(Yeah, I know it's been a long while since I wrote something. :-)
If you go back a few decades in most western cultures, there was a time when most people knew something about God and His law. They may not have believed upon Jesus Christ but nevertheless they would tend towards the view that there is a God and would have known something of the Ten Commandments. In that context you could preach the gospel by reminding people of God's law and getting them to see they had broken it. You could then explain how Jesus had perfectly kept God's law and had been crucified for their sins. You could then urge them to repent and believe in the Lord Jesus Christ, assuring them that their sins will be forgiven and that they will be saved from eternal damnation (hell). Of course all was not rosy in the church garden, a decline had already begun in the 19th century with the advent of enlightenment thinking which claimed that science had all the answers and that man didn't need God or religion any more. Nevertheless, basic knowledge of the bible was widespread and the gospel could be presented this way.
Today it can no longer be assumed that people have even the most basic bible knowledge. In fact, western culture now seems to generate people who are predisposed to be opposed to Christianity - despite knowing very little about it. The irony is that, at the same time, the enlightenment thinking that led to the decline of traditional western Christianity is increasingly being rejected. God is no longer "dead", contra-Freidrich Nietzsche. Powerful arguments against aggressive opponents of Christianity such as Richard Dawkins are beginning to be raised from non-Christian philosophers. Soon Dawkins and his ilk will be 'dead'. (Unfortunately much of the church, as ever behind the times, doesn't see this so they're still expending their efforts vainly trying to counter Dawkins, disprove evolution and so on. In effect, relying on science instead of the Gospel.)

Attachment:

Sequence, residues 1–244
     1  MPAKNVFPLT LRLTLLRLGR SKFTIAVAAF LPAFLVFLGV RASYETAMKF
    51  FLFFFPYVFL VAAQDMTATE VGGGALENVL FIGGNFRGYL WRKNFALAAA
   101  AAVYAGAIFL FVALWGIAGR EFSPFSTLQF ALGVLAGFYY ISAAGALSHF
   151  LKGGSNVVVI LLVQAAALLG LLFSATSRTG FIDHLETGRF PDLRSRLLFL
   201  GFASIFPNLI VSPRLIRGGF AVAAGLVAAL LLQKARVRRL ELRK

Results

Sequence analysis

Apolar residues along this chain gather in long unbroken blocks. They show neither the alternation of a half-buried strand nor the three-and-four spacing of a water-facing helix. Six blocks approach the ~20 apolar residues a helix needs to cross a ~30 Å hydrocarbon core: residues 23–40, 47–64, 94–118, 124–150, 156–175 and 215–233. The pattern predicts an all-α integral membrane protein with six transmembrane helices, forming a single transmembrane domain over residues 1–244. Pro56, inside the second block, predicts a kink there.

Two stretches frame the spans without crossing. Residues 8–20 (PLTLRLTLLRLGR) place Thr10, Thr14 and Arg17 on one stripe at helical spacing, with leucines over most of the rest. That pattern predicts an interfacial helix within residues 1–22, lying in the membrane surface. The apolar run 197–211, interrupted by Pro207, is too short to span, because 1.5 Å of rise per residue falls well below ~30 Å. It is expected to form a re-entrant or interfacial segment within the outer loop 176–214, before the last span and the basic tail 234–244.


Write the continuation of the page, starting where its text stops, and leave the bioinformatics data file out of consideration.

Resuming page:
Though spirituality is good again, the 'god' that now 'reigns' in people's minds is manifold. At the centre, of course, is 'me'. What matters most are my feelings, my wants, my needs and my rights. Materialism, fame, self-gratification and wanton sex are the gods we worship. Just add in a bit of Oprah or some self-help pop-psychology with a hint of eastern mysticism to complete the mix. Relativism and pragmatism (what works for me) is the order of the day. Now spirituality is fine. Just as long as you don't make any exclusive claims of course. So is that it? After thousands of years on the earth, is that the pinacle of man's ability to answer the most fundamental questions like why are we here? or what happens when we die? Seems so!
So just how do we present the gospel in this context? How do we present the gospel in a way which engages with people? In a way which is relevant to the culture? The old ways just don't work. How do we engage with people in a way which isn't going to result in them immediately switching off? I say we need to listen to people, without confronting them, to understand two things:
- why they think Christianity has nothing to say to them, and
- what matters to them.
Increasingly with postmoderns, in understanding why they have dismissed Christianity, we find that the reason given isn't because they think science has disproved Christianity. Rather, they will have fundamental intellectual and philosophical reasons why they have dismissed it. Often, we'll find that what they have dismissed is not the gospel but religion. Religion teaches that we must do good works in order for good to accept us. But the gospel teaches that God accepts us, therefore good works will follow. Religion in effect puts God in your debt, he owes you, whereas, in the gospel, we owe God everything. As a result it is vital to spend time explaining the difference between the gospel and religion.
I hope to explore these issues further and suggest some example ways in which the gospel can be presented to postmoderns in subsequent posts.